0
$\begingroup$

Given a subset $B$ of a metric space $(M, d)$, show that $B$ is open iff $\partial B = \overline{B}\setminus B$.

I feel like that this question shouldn't be too hard to prove, but I'm not sure how to do it.

Attempt: I know how to prove in left to right direction. Suppose $B$ is an open set. That means $B=\operatorname{int}(B)$. We know $\partial B=\overline B\setminus\operatorname{int}(B)$. However, $B$ is just $\operatorname{int}(B)$ in this case. Thus $\partial B=\overline B\setminus B$.

However, I don't know how to prove this in the opposite direction.

(Weak attempt): Assume $\partial B=\overline B\setminus B$. We also know from a known fact that $\partial B=\overline B\setminus\operatorname{int}(B)$. If $\partial B=\overline B\setminus B$ and $\partial B=\overline B\setminus\operatorname{int}(B)$ this would imply $B=\operatorname{int}(B)$, which would imply $B$ is open.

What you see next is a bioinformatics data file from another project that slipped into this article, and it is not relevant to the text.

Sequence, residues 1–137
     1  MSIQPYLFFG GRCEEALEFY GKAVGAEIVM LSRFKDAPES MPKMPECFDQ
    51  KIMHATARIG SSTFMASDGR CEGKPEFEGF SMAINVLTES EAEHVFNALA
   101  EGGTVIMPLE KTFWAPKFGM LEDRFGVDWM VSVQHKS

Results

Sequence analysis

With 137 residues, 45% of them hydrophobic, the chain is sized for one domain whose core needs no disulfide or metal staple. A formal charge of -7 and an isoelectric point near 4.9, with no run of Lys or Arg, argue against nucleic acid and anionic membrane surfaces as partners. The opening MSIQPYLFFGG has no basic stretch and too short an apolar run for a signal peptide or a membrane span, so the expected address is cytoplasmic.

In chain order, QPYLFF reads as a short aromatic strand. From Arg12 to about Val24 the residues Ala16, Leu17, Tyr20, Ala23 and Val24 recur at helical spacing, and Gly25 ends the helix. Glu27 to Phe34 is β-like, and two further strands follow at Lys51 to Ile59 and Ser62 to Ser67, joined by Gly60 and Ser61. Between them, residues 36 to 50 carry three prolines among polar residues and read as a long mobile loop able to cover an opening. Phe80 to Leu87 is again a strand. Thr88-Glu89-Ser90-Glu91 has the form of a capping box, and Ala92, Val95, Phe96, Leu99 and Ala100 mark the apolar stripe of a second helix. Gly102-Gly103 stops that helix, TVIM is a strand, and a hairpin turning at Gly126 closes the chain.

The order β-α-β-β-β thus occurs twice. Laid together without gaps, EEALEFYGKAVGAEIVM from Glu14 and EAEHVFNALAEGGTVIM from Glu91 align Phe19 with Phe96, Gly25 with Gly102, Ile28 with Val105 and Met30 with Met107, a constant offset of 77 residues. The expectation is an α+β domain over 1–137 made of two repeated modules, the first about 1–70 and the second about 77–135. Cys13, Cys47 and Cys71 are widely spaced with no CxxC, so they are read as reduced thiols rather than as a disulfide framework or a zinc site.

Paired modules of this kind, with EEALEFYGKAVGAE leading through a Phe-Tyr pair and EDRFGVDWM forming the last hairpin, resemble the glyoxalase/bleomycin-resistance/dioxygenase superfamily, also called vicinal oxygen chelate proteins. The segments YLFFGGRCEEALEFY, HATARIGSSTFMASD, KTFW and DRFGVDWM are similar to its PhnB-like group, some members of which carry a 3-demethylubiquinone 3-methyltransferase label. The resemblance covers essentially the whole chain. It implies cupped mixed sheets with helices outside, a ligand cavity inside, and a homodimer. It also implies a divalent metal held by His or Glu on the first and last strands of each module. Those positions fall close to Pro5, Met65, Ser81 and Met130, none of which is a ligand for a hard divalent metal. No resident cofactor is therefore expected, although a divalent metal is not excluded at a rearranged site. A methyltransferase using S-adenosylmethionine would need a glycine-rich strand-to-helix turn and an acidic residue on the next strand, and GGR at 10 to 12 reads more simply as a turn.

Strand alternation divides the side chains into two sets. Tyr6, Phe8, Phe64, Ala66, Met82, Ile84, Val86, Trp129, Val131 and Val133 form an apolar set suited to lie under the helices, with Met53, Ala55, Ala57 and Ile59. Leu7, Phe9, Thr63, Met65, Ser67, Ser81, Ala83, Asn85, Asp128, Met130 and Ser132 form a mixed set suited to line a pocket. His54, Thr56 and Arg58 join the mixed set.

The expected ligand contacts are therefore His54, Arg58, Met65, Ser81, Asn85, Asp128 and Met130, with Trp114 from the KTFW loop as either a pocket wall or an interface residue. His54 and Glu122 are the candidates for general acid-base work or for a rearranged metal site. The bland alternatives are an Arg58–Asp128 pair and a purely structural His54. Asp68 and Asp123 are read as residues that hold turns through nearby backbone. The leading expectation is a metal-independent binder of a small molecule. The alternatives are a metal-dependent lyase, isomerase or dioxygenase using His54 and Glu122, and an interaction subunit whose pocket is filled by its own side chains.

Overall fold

$\endgroup$
1
$\begingroup$

If $B$ is not open, then take $x\in B$ such that $x\notin\mathring{B}$. Then every neighborhood of $x$ intersects $B^\complement$ and therefore, $x\in\overline{B^\complement}$. Since $x\in B$, then, in particular, $x\in\overline B$. So, $x\in\overline B\cap\overline{B^\complement}=\delta B$. But $x\notin\overline B\setminus B$, and this proves that $\delta B\neq\overline B\setminus B$.

$\endgroup$
  • $\begingroup$ Nice proof by contrapositive. $\endgroup$ – kemb Sep 28 '17 at 6:05
  • $\begingroup$ Does my proof work too, or it wrong? $\endgroup$ – kemb Sep 28 '17 at 6:05
  • $\begingroup$ Yes, it works too. $\endgroup$ – José Carlos Santos Sep 28 '17 at 6:11

Your Answer

By clicking “Post Your Answer”, you agree to our terms of service, privacy policy and cookie policy

Not the answer you're looking for? Browse other questions tagged or ask your own question.